Among the writings of Robert Louis Stevenson is a short story titled "The Bottle Imp," the tale of a cursed bottle that brings its owner short-term gain but carries a severe long-term danger.
The bottle contains an imp—a demon that will grant unlimited wishes to the bottle's owner. The owner can keep the bottle as long as he or she likes; however, anyone who dies in possession of the bottle will be condemned to hell. But ridding oneself of the bottle is no easy task. It cannot be destroyed. If it is given away, it mysteriously returns to the owner. The only way to get rid of the bottle is to sell it, but it must be sold at a lower price than it was bought for. As a result, the bottle is constantly dropping in value every time it changes hands.
Though Stevenson died two years before Svante Arrhenius published the first scientific study on the greenhouse effect, this short story speaks to the very real dangers we face today as a result of climate change.
Since the beginning of the industrial revolution we've been finding ways to grant our own wishes for a more comfortable life, but our transformation of the world comes with long-term hazards that we only now are beginning to fully understand.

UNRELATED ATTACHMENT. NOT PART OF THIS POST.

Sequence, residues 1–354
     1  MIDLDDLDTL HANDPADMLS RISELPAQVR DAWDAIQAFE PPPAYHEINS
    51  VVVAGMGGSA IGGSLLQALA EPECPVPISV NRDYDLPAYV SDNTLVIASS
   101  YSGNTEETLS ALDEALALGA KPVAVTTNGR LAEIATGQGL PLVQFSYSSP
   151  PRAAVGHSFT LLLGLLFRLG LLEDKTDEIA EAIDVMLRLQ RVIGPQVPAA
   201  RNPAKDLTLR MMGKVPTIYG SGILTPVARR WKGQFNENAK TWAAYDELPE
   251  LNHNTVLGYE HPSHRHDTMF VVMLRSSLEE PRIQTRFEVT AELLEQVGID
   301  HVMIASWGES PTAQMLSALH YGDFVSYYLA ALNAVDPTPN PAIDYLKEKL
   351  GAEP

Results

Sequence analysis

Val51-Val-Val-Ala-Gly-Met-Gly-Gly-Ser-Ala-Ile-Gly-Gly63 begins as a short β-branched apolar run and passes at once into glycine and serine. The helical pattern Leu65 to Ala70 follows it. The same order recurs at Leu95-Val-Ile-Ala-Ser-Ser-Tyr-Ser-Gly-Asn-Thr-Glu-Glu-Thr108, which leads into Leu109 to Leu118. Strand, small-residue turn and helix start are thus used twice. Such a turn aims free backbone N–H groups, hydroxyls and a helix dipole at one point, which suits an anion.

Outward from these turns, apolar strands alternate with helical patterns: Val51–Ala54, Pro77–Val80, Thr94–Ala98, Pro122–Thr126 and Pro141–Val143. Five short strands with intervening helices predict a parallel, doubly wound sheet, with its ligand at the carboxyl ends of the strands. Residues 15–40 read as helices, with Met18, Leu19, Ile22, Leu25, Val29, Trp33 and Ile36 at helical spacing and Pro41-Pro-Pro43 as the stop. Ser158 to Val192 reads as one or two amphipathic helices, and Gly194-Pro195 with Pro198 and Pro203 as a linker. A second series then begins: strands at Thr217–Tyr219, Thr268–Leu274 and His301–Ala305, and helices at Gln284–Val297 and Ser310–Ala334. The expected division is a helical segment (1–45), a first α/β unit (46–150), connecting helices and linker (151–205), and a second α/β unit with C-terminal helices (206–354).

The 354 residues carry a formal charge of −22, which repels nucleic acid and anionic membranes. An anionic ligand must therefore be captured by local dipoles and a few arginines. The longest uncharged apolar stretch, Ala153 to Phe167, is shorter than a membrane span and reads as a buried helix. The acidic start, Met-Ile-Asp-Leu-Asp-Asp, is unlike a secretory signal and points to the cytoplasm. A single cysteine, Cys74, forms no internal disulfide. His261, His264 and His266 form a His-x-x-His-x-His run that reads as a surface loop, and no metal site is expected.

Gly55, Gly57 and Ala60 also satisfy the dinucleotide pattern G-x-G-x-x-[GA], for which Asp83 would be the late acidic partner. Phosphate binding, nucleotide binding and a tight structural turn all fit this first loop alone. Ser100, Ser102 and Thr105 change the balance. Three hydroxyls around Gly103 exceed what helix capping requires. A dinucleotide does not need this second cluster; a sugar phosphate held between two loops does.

We are already starting to see many worrisome effects of human-induced climate change. All around the world, ecosystems are being disrupted. Glaciers are shrinking and deserts are growing. Eastern Africa is plagued by drought while Southern Asia reels from record floods. Hurricanes and tsunamis are increasing in intensity. The Greenland ice sheet is flaking off into the sea while wildfires burn out of control in Russia. In Southeast Asia, rice yields are dropping dramatically. In the oceans, coral reefs are bleaching and fish populations are dwindling as the water becomes more acidic.
If we are going to prevent further ecological degradation and start to repair the damage we have already done, we need to stop selling the climate for a loss. Otherwise, we'll consign future generations to a hell of our making.